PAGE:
RICHMOND, VA (WWBT) – The James River in Richmond is teeming with life -- and in one hidden section downtown the proof is right in front of your eyes.
The Great Blue Heron rookery is in full view from the Pipeline Rapids Walkway. It's only a few blocks from the Virginia State Capitol but it feels like you are a world away.
Pipeline is a treat for bird lovers, especially when you like to see the action up close.
"It's a really unique experience to be right here in the middle of the city, and to see all this natural activity going on," said Lewis Barnett, president of the Richmond Audubon Society.
He took me on a tour and you have to do a little work: Climb down a ladder and a short walk along the pipeline catwalk.
Then you are rewarded with a close-up look at a heron rookery. It's a funny word for a place where great blue herons gather to raise their young.
"They try to find a place to nest that has the trees, the fish, the water, in a protected area from predators," Barnett said.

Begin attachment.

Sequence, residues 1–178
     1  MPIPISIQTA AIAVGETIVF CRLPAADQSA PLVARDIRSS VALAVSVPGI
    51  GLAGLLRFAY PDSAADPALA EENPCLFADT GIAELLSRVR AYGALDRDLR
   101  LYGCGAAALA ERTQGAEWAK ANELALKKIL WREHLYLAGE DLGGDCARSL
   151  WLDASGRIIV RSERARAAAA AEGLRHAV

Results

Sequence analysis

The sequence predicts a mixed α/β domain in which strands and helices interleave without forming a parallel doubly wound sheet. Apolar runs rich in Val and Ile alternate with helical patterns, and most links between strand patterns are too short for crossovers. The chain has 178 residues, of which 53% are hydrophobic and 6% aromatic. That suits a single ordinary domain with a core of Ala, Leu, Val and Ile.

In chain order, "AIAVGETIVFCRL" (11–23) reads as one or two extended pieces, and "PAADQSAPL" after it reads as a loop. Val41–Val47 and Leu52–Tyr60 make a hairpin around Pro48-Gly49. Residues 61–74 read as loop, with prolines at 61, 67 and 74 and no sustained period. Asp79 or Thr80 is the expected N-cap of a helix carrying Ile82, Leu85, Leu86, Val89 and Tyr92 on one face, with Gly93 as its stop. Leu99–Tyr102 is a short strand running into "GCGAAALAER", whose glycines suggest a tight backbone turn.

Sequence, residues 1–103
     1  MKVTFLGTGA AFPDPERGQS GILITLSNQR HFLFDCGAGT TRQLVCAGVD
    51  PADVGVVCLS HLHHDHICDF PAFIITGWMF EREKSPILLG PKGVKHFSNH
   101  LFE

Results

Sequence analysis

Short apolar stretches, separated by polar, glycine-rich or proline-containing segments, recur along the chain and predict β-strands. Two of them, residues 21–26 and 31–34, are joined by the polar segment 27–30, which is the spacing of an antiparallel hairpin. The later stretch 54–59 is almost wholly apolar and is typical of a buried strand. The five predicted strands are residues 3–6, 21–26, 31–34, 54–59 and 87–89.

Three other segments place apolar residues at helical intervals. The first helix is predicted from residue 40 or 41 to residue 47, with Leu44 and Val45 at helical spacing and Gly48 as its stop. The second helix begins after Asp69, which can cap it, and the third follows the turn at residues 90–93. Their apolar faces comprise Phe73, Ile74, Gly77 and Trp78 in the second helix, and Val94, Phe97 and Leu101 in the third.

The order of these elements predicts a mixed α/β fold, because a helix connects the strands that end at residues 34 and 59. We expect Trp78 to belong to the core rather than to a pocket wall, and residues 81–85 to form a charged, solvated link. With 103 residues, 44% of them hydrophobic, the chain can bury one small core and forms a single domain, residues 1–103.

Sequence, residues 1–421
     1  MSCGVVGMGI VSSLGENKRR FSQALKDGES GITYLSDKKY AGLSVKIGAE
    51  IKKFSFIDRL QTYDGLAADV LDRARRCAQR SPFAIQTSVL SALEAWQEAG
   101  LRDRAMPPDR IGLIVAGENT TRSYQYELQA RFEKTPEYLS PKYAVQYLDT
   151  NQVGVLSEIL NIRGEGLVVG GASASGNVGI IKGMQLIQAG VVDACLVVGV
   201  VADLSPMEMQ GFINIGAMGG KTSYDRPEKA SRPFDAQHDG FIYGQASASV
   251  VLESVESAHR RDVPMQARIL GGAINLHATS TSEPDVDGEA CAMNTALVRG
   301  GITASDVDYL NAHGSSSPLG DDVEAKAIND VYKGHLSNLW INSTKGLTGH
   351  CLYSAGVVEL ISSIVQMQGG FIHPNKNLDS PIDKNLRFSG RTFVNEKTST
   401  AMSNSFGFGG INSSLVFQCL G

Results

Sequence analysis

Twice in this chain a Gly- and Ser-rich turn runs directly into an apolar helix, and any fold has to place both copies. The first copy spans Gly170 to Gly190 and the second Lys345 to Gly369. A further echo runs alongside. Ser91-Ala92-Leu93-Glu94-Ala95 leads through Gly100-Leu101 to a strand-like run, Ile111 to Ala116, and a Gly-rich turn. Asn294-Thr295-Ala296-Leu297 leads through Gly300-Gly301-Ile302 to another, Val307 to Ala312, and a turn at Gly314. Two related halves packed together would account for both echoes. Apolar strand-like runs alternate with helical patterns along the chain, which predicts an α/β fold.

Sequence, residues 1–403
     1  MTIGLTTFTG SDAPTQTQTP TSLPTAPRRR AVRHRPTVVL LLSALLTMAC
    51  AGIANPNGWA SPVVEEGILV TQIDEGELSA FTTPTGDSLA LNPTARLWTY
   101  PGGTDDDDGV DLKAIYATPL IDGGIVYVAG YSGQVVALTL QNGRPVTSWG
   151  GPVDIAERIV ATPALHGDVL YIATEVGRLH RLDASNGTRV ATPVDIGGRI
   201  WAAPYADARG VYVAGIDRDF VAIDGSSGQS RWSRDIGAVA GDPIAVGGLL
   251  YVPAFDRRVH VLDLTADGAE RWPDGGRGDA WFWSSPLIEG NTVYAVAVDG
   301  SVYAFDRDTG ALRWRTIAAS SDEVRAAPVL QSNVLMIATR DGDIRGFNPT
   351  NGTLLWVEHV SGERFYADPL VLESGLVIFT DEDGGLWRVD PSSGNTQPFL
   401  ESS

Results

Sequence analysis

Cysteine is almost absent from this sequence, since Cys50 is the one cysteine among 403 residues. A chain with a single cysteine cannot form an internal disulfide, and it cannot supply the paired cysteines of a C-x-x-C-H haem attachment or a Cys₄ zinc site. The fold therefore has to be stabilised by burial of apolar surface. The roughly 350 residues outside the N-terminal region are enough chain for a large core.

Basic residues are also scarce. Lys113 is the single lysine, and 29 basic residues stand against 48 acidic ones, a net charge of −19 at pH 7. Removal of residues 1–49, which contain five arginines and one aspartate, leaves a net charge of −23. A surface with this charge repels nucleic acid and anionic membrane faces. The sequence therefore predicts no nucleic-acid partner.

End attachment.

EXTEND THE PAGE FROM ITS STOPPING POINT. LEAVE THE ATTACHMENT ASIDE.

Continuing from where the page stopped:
It wasn't always this way. The water was too dirty, and there weren't enough fish. But that's all changed in the past few years.
"A tribute to some things that Richmond has done right, in terms of cleaning up the river... And preserving natural space along the river corridor," he said.
Forty pairs of herons built their nests out of sticks in February & laid eggs in March. They chose this island to keep those eggs safe.
"I don't know a way it could be better," Barnett said.
If you visit, you'll likely see what we saw: An expert hunter in action. Herons use their beaks to stab fish, then take a few seconds to maneuver the prey into their mouth -- all that work to feed their babies.
"It's kind of gross, they regurgitate food for their young," he said.
The young are almost ready to start flying. So you'll need to hurry down to catch the show. The herons will leave soon, spreading out across the state for the summer. But they'll likely be back here next year -- enjoying their prime downtown Richmond real estate.
Pipeline runs along the river at the Riverside on the James condominiums, is easy to access from the Canal Walk at South 12th and Byrd streets or from the east end of Brown's Island. There is a parking lot for about eight cars between the old Reynolds Building and the old Power Station building at Riverside on the James.